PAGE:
Young People and Gambling 2023
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About this statistical release
This publication provides information about young people’s exposure to and involvement in regulated and unregulated forms of gambling, and the prevalence of problem gambling.
The findings presented in this publication are taken from the annual Young People and Gambling Survey, conducted in 2023 by Ipsos on behalf of the Gambling Commission. The study collected data from 3,453 pupils aged 11 to 17 years old across curriculum years 7 to 12 (S1 to S6 in Scotland) using the Ipsos Young People Omnibus. For the first time, pupils from independent schools were also invited to take part in the research alongside pupils attending academies and maintained secondary schools. Pupils completed an online self-report survey in class. Fieldwork took place between February and July 2023.
In contrast to our previous surveys, which have focused on exploring gambling behaviour among 11 to 16 year olds, this year's survey incorporates data gathered from 17 year olds. This is an important development in enhancing our understanding of gambling behaviour among young people and contributes to the ongoing improvement of our evidence base. Nevertheless, in light of this change, any comparisons with data from previous surveys should be interpreted with caution.
Just over one quarter (26 percent) of 11 to 17 year olds had spent their own money on any gambling activity in the twelve months prior to completing the survey. This represents a 5 percentage point decrease in active participation in gambling compared with rates observed in 2022.
The most common types of gambling activity that young people spent their own money on were legal or did not feature age restricted products, namely:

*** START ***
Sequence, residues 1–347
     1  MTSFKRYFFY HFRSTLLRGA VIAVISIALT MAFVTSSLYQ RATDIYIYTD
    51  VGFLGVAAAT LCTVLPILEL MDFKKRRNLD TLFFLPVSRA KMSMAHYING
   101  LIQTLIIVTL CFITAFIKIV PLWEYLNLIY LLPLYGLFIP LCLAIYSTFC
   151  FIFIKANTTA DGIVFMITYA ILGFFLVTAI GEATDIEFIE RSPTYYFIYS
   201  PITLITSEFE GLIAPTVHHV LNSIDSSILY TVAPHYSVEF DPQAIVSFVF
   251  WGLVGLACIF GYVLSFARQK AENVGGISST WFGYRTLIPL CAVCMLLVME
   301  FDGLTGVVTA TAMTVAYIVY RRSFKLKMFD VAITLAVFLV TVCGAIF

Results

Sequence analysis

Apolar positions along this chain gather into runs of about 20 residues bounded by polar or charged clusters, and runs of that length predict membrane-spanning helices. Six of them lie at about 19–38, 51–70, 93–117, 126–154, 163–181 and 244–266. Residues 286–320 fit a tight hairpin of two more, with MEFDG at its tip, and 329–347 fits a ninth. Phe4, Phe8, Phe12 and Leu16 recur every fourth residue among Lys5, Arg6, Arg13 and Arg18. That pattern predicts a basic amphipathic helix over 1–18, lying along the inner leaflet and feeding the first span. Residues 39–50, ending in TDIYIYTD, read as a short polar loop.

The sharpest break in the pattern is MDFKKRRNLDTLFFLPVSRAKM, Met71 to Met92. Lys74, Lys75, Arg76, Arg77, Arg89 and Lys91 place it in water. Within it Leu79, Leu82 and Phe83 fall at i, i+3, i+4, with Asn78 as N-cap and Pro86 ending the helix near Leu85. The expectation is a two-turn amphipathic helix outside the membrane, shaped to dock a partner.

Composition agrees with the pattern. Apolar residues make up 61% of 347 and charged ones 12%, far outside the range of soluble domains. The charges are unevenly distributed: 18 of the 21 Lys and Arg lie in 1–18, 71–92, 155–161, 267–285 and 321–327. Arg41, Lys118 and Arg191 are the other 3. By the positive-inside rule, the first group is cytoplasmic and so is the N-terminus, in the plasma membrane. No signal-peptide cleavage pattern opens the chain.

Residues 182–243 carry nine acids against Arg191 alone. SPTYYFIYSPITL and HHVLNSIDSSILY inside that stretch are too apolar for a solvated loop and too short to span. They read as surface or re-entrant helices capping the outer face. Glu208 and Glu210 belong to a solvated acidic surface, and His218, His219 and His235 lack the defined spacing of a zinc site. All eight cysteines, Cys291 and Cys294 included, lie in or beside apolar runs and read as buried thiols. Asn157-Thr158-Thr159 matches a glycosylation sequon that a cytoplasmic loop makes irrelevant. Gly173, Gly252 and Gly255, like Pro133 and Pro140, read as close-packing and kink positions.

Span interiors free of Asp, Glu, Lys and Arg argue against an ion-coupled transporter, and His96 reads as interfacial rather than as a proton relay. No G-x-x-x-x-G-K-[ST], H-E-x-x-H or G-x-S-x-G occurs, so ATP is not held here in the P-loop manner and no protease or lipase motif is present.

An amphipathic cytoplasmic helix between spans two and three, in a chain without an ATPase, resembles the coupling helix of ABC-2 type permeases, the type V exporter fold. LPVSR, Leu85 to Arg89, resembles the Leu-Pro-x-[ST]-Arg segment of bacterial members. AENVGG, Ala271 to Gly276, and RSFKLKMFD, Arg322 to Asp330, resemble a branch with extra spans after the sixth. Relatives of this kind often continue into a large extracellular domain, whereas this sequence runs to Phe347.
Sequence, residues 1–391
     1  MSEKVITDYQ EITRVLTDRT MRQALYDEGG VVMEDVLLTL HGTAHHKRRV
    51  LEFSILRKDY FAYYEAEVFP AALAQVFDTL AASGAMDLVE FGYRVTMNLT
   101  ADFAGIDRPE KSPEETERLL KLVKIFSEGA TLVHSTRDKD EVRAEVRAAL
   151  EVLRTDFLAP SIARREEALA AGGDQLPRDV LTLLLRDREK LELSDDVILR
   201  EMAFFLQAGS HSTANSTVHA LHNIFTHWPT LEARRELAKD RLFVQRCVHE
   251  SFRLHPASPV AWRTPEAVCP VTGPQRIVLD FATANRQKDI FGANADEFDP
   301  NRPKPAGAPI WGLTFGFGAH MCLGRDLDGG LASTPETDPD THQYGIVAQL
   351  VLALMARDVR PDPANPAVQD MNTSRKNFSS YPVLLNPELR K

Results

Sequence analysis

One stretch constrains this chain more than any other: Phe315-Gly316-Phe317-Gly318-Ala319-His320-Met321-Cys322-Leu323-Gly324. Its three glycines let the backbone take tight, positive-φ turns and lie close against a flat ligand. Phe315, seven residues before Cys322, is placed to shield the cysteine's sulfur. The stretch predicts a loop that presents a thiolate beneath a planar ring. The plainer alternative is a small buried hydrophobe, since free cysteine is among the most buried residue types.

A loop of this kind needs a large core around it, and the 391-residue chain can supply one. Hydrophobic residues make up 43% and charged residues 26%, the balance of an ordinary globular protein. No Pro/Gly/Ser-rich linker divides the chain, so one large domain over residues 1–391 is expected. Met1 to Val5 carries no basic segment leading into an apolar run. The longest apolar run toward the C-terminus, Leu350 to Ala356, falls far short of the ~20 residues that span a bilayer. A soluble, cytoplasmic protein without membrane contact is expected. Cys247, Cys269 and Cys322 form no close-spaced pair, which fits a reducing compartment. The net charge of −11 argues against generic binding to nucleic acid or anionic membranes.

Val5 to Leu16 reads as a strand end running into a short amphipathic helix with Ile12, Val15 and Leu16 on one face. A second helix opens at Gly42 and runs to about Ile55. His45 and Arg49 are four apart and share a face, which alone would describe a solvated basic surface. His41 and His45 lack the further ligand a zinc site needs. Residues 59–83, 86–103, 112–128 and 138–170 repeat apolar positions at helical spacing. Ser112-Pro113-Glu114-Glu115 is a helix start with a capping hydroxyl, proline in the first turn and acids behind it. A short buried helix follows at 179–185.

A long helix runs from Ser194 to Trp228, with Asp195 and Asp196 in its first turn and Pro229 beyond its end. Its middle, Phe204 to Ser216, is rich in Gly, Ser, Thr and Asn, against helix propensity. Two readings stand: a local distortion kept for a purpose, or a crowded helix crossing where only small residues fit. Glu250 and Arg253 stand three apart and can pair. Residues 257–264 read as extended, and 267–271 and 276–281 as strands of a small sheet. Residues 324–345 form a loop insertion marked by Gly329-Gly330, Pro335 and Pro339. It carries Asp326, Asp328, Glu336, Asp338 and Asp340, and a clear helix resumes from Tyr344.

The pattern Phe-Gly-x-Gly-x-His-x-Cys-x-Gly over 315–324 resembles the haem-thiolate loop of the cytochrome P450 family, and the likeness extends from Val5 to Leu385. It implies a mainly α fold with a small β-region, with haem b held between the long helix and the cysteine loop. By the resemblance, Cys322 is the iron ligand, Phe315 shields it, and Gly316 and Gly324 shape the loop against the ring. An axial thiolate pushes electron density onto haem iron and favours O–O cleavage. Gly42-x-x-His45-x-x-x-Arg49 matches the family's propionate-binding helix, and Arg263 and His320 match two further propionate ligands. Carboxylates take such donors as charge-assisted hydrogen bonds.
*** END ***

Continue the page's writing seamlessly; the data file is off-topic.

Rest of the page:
- playing arcade gaming machines such as penny pusher or claw grab machines (19 percent)
- placing a bet for money between friends or family (11 percent)
- playing cards with friends or family for money (5 percent).
One in 5 (19 percent) young people had spent their own money on regulated forms of gambling in the past 12 months reducing to 4 percent when removing ‘arcade gaming machines’ from the definition of regulated forms of gambling.
The youth-adapted problem gambling screen (Diagnostic and Statistical Manual of Mental Disorders 4th Edition - Multiple Response Juvenile (DSM-IV-MR-J )) identified 0.7 percent of 11 to 17 year olds as problem gamblers and 1.5 percent as at risk gamblers, and 23 percent as non-problem gamblers. Rates of problem and ‘at risk’ gambling have declined since 2022 by 0.2 percentage points, and 0.9 percentage points, respectively.
Over half of young people had seen or heard gambling advertising via online or offline platforms (Online: 53 percent; Offline: 55 percent). This represents a significant decline in exposure to gambling advertisements since last year (2022 findings: Online: 63 percent; Offline: 66 percent). Young people were most likely to report seeing gambling advertising on television (47 percent) or on an app (45 percent).
Most (80 percent) young people who spent their own money gambling in the last 12 months, did so because they regard it as a fun thing to do. Less than one in five (17 percent) agree that gambling makes them feel happy, more (29 percent) disagreed that it made them happy and a similar proportion (28 percent) were unsure either way.
Three in ten (28 percent) young people had seen family members they live with gamble. Of these, 10 percent indicated it had resulted in arguments or tension at home. However, over one in ten (12 percent) said that gambling by a family member had helped to pay for things at home for example holidays, trips or clubs.